Photo by Ruth Morgan
Photo by Ruth Morgan
HARLEM SCHOOL OF THE ARTS
Dorothy Maynor, Founder; William E. Terry, Interim Executive Director
“The mission of the Harlem School of the Arts is to enrich the lives of children and their families in the Harlem community and beyond, through exposure to and instruction in the arts.”
“What I dream of is changing the image held by children. We have made them believe that everything beautiful is outside the Harlem community. I want them to make beauty in this community.” —Dorothy Maynor (1910-1996)
This was the “impossible dream” which inspired Maynor to create the Harlem School of the Arts which is now housed in an award-winning structure designed by Ulrich Franzen at 645 St. Nicholas Avenue. Formed in 1964, it grew from humble beginnings in the basement of St. James Presbyterian Church into a school with a comprehensive arts program serving over 3,000 children and adults, mostly African-American and Latino.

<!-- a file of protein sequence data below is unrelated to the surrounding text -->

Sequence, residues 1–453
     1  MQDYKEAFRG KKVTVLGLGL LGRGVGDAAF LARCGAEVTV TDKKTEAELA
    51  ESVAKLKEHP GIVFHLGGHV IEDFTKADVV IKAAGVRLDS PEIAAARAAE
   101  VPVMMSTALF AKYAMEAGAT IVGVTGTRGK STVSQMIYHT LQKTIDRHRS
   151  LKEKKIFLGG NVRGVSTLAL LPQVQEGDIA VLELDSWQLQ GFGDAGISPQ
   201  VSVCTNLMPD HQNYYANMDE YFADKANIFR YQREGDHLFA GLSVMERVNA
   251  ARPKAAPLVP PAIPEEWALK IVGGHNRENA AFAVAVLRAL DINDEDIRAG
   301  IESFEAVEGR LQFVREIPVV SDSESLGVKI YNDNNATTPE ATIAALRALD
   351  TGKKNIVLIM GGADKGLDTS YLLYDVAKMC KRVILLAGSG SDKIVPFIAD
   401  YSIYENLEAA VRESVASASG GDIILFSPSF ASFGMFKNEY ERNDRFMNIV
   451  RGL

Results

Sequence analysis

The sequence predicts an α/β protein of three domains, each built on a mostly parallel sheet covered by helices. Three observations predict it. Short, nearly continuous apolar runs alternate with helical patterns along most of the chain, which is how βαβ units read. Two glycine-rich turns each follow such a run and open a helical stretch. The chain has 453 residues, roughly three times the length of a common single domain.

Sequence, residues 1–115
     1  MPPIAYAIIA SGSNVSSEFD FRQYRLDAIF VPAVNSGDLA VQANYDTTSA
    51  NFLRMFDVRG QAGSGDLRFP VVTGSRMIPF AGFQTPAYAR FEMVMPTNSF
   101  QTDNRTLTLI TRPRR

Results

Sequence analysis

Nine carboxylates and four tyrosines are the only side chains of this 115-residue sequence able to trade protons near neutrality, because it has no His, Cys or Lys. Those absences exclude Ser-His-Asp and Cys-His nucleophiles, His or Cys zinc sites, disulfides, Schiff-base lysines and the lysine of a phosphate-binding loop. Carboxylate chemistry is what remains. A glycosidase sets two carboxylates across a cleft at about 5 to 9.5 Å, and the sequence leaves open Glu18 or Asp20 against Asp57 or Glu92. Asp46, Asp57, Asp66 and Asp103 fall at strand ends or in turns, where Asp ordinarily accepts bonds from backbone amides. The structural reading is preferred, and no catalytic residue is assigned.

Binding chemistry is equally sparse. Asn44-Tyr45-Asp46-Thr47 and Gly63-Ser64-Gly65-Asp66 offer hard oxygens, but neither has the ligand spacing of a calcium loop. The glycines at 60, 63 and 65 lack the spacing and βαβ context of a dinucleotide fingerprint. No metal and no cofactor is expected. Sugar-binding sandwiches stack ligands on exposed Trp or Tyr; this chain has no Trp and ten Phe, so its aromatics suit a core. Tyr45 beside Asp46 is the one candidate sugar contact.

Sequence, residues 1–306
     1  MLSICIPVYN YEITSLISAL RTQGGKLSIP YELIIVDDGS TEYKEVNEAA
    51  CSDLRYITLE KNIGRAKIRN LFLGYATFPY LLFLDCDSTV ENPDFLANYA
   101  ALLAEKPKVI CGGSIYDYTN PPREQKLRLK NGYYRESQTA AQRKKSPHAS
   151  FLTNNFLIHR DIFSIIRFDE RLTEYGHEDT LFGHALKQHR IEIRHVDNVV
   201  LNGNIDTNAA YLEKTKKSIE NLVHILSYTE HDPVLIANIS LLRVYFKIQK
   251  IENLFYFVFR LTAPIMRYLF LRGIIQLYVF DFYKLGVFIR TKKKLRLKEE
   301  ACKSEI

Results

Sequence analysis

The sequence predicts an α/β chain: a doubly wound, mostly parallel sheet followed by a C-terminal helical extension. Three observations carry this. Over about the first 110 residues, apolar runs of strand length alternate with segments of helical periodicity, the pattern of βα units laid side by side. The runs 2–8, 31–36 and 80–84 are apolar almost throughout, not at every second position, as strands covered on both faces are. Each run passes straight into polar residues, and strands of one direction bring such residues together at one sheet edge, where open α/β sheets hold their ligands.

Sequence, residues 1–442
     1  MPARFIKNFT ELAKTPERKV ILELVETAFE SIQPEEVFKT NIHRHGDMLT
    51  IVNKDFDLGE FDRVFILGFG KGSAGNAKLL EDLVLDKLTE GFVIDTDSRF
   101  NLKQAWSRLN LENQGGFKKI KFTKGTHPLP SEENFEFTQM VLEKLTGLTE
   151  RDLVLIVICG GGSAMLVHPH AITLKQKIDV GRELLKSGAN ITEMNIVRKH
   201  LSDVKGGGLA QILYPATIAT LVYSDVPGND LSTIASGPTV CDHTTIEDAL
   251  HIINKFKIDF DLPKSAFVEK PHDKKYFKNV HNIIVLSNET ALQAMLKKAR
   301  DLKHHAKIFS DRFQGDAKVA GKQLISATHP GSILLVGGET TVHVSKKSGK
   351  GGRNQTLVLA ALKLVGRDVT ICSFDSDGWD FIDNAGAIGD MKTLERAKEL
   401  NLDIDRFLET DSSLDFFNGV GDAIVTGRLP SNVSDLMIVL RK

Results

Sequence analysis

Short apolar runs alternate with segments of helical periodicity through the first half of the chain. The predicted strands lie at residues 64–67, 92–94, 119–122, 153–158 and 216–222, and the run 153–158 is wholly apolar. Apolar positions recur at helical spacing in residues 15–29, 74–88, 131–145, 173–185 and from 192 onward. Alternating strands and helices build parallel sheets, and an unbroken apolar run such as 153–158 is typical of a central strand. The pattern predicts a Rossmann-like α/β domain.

Before HSA, there had only been one attempt to build a musical school in the Harlem community. In 1919, violinist David I. Martin and pianist Helen Elise Smith incorporated the MartinSmith School with a faculty which included the celebrated singer Mme. Selika. After Martin’s death in 1923, the school eventually ceased to operate.
Because of her celebrity as one of the greatest sopranos, Maynor was ideally suited to the task of building an arts center.
She drew on the expertise of her good friends Russell W. and Rowena W. Jelliffe who built the famous Karamou Theatre in Cleveland. Maynor was adored and respected by the rich and famous, many of whom gave her the kind of financial support she needed to build HSA.
Maynor served as Executive Director of HSA until her retirement in 1979. From the moment one entered the building, her dynamic presence was felt. With loving care, she oversaw every detail in operating the school. Her immediate successor, Betty Allen, built on the Maynor legacy and carried it to a new level of excellence.
In her current role as President Emeritus, Allen lends her expertise to help maintain HSA’s high standards. The leadership torch has been passed down to Darryl Durham and Camile Giraud Akeju, respectively. At the moment, the school is being led by an Interim Executive Director, William E. Terry.
As stated in its brochure: “The mission of the Harlem School of the Arts is to enrich the lives of children and their families in the Harlem community and beyond, through exposure to and instruction in the arts.”
—by RAOUL ABDUL